The 10 commandments for cyber resilience
Next weekend, voters in France take to the polls, starting one of the most significant elections in recent European history, with Marine Le Pen’s Eurosceptic anti-immigrant Front National (FN) seeking to take power.
The French government who introduced electronic voting for those living abroad for their 2012 presidential election, last month revoked the right of French Nationals to vote electronically next week, referring to the threat of external hacking. Since then, the e-voting debate has been reinvigorated, years after it was being piloted across Western Europe.
Liberal Emanuelle Macron stated this week that electronic voting should be available to all of France by the next presidential election in 2022 and Conservative François Fillon called for e-voting to be re-established for French Nationals abroad in time for then.
In the age of digital transformation, the failure of large Western European states to adopt successful e-voting systems is perplexing.
The issue has been that hacking has been able to adapt to innovations in cyber resilience and that the systems that have been piloted haven’t been transparent enough to earn the trust of average voters. Last year, California, Florida and New Jersey piloted online voting for the presidential election and the hackers immediately sought to overwhelm it, with cybersecurity start-up Cylance immediately stating that they could hack their system.
The French election comes weeks after the Netherlands election. It marked 10 years since the Dutch outlawed electronic voting. The 2007 decision was largely put down to “reliability and risk” and followed a highly controversial 2006 election, in which 90% of votes were cast online. Investigations found that the machines were not secure, with an ineffective security lock making it possible to wirelessly connect to the machines from a radius of 10 metres.
The German Constitutional Court banned the use of NEDAP voting machines in 2005, stating that elections had to be “public in nature”, stressing the need for transparency.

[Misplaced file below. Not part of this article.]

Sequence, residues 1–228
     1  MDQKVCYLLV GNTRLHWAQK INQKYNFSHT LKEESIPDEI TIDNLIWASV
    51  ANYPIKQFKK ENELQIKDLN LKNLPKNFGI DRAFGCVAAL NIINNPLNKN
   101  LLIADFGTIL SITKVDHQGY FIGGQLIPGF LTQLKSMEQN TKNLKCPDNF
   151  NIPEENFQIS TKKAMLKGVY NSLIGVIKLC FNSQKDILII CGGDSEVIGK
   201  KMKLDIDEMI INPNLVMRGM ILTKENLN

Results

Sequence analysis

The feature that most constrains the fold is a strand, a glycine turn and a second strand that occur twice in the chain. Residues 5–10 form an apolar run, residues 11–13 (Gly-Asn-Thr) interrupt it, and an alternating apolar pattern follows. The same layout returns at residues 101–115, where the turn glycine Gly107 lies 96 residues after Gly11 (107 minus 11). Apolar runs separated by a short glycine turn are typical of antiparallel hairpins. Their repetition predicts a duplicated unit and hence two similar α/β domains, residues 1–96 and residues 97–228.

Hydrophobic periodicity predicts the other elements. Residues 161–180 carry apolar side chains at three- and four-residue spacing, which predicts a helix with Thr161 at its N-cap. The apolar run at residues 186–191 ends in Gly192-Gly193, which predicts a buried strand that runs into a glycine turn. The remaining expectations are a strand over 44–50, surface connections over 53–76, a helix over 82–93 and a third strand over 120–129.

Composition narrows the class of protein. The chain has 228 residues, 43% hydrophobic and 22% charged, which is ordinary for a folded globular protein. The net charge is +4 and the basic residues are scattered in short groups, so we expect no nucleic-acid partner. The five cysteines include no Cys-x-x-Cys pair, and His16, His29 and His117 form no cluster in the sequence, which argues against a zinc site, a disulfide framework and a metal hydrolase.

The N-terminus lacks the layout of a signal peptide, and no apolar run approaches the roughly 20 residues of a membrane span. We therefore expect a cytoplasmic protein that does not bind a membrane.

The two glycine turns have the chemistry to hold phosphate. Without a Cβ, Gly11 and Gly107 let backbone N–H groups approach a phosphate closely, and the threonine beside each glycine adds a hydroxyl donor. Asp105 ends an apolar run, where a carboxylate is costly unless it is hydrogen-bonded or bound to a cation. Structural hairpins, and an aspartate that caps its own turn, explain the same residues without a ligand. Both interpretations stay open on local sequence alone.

Ireland bought e-voting machines, but they were suspended from use after a small pilot before being scrapped in 2010. The Irish press referred to this as the “e-voting scandal”. Despite this, the Irish announced last month that they were going to explore the introduction of electronic voting for citizens living abroad.
In the UK, online voting was piloted 5 times between 2000 and 2006, but then discontinued. Last year John Penrose MP stated on behalf of the Government that the UK did “not have any plans to introduce electronic voting … in poling booths or remotely via the Internet”.
Estonia, which has an electorate of fewer than 900,000 people, is the only EU country with successful long term electronic voting in place for all citizens.
There should naturally be a demand for trustworthy transparent electronic voting. During current election counts in the UK, each candidate will send polling agents to a town hall at which party members will watch over independent counters sieving through paper ballots in order to confirm the democratic legitimacy of an election. It has historically led to election results not being known until the early hours of the morning, with some constituencies not releasing results until the following day or later.
There has been a participation crisis in some European Democracies and it is thought that electronic voting could have positive implications for turnout, particularly among young people. Last year, in a regional online poll conducted in the Veneto, Italy, turnout was over 60% in a non-binding referendum on their position within Italy. In Estonia, scholars have found that “casual voters” that make up 10-15% of their current electorate probably wouldn’t have voted if the online option hadn’t been available.
In the coming weeks, without the benefits of electronic voting, the French and Europe will face an agonising wait to find out the election result.